LITE Memphis is using its system of local businesses to connect young people to the right network through a new internship program called City of Tomorrow. The nonprofit is placing students in intern positions that will help them garner skills, knowledge and social connections.
For young people seeking internships, it’s more about whom you know than what you know.
It’s becoming increasingly difficult for young people to secure internships unless they are privileged enough to have access to the right social and professional network, according to Hardy Farrow, founder of LITE Memphis, which stands for Let’s Innovate Through Education.
He said roughly 90 percent of internship opportunities are not advertised. Companies recruit interns primarily through word of mouth. And when college students do apply for advertised open positions, the competition is fierce.
Farrow described internships as “a credibility piece. They’re being exposed to new ideas. Half the battle is being taken seriously.”
LITE Memphis is using its network of local businesses and influencers to break down those barriers through its new internship program called City of Tomorrow. The nonprofit is placing students in intern positions that will help them garner skills, knowledge and social connections to give them equal footing as they enter the workforce.
“This allows students access to experiences and to a network they wouldn’t otherwise have,” said Farrow, who launched LITE Memphis in 2013 while working as a teacher with Teach for America.
The organization’s mission is to equip minority students to be future entrepreneurs. Through the program, young people begin participating in LITE’s unique multi-year model at age of 17, continuing through age 25, with the goal of helping them successfully launch their own Memphis-based businesses by the time they complete the program.
Cinthya Bolanos, a rising sophomore at Rhodes College, spent the summer break at Regional One Health Care's Innovation Center, where she worked to create a culture of innovation in the hospital.
LITE Memphis’ long-term model tackles three major challenges to launching a business: experience, networks and funding.
They’re also tackling poverty and barriers more often faced by minorities when launching a business. Students come from areas of the city that include Midtown, Cordova, Hickory Hill and South Memphis. Ninety percent of LITE participants are African-American and 10 percent are Latino.
So far, LITE Memphis, operated with the help of mentors and volunteers out of the Crews Center for Entrepreneurship at the University of Memphis, has taught entrepreneurial skills to more than 1,000 students in neighborhoods across Memphis.
There are currently 75 young people in the LITE program pipeline and 75 new students starting the program this year.
“The long-term outcomes are that these students have the tools they need to be future entrepreneurs, working to solve problems and start businesses right here in Memphis,” said Frankie Dakin, LITE Memphis board chair and Manager of Strategic Partnerships at New Memphis Institute. “And regardless of whether or not they choose to start businesses right after college, they will have the resources to embark on a meaningful career path in their city.”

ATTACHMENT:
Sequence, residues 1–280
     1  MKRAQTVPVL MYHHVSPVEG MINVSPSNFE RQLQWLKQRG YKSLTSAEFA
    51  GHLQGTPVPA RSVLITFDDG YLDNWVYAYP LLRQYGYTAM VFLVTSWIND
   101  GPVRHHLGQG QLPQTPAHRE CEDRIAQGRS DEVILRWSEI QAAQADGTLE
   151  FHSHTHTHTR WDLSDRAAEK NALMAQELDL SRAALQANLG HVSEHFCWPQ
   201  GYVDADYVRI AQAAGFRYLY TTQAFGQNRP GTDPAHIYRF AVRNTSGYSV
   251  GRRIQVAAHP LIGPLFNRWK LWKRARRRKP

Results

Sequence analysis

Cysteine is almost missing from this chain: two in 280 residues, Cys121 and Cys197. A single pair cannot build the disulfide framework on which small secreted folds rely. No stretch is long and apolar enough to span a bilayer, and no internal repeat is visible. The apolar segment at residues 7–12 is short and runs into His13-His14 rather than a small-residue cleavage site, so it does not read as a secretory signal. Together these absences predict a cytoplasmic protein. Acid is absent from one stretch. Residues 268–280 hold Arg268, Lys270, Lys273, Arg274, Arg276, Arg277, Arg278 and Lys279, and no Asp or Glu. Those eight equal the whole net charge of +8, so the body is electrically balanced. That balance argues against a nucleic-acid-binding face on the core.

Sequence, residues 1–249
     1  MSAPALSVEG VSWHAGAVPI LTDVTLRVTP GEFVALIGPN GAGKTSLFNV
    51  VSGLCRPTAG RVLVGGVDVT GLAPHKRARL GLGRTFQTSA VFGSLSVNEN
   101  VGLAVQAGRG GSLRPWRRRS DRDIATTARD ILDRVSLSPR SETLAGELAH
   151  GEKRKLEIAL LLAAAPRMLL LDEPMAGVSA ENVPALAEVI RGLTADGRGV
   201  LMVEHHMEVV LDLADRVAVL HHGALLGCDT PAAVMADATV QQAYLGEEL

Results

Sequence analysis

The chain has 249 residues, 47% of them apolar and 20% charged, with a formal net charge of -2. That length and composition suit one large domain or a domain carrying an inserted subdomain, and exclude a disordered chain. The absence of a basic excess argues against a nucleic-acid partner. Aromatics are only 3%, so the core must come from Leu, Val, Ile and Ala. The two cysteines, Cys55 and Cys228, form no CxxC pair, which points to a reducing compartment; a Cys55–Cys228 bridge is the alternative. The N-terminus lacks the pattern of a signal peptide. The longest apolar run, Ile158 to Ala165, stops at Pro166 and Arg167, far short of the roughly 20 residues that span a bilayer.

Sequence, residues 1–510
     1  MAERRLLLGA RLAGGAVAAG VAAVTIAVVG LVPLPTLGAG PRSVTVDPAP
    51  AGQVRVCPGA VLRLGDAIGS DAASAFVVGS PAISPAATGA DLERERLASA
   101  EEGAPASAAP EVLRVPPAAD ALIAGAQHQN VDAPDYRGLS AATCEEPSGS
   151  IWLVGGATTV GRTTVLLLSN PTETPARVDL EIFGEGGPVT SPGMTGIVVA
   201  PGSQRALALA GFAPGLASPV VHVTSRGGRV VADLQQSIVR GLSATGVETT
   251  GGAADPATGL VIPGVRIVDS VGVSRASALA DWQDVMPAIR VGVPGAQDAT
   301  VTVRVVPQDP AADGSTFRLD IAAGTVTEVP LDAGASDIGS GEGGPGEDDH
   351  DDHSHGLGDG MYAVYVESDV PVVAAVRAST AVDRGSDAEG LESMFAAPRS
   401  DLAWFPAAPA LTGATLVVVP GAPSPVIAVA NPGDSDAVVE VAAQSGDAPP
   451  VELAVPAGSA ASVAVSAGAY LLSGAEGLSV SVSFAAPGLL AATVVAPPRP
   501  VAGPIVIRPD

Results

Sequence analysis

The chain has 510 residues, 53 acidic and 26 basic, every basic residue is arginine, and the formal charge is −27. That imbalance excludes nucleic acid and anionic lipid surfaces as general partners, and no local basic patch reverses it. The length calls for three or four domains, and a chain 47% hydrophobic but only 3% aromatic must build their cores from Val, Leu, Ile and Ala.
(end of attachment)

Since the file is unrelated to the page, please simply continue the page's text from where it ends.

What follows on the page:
Dakin said the students’ ideas were far more innovative than many of the ideas he’s heard discussed in Memphis boardrooms. Still, students were frustrated because, despite their academic achievements and talent, they weren’t having luck securing internships.
“Unfortunately, paid internship opportunities in their chosen industries are often difficult for first and second year college students to secure - even those with as much to offer as LITE Alumni,” Dakin said. “So LITE steps in and works with our diverse network of hiring partners to make sure that the students have a paid opportunity to grow their networks and skill set in their hometown over the summer.”
LITE Memphis raised money for internship stipends form funders and matching alumni with high-growth internships at organizations such as Start Co., Regional One and City Leadership.
Ten interns have been placed -- freshmen and sophomores in colleges such as Rhodes, University of Memphis, Sewanee and Middle Tennessee State University.
“What separates LITE internships is our intentional work to help the students leverage their internship experience to overcome the two fundamental challenges to starting a business: experience and networks.”
Cinthya Bolanos, a rising sophomore at Rhodes College, is working at Center for Healthcare Innovation at Regional One Health, where she strives to create a culture of innovation in the hospital, developing ideas that cut costs, save time or improve the patient experience.
“We hope to achieve this by launching a "shark tank" for hospital employees, where they submit their own ideas,” Bolanos said. “Part of my job is to organize the ideas as they come in and find new ways to get employees excited about innovation by going to meetings and speaking about the steps to innovation, creating graphics for the innovation center, researching new ideas and writing a step-by-step innovation manual for employees to reference.”
Ten students were placed in internships, which conclude this month, through City of Tomorrow. Farrow said he wants students to use the network they established this summer to find their own internships next year.
Bolanos said the internship has helped her develop strong organizational and time-management skills.
“The skills I’ve gained this summer are transferable to nearly any field, so I think that it will make me more marketable when looking for a job,” she said. “The connections I’ve made through this internship have expanded my professional network as well.”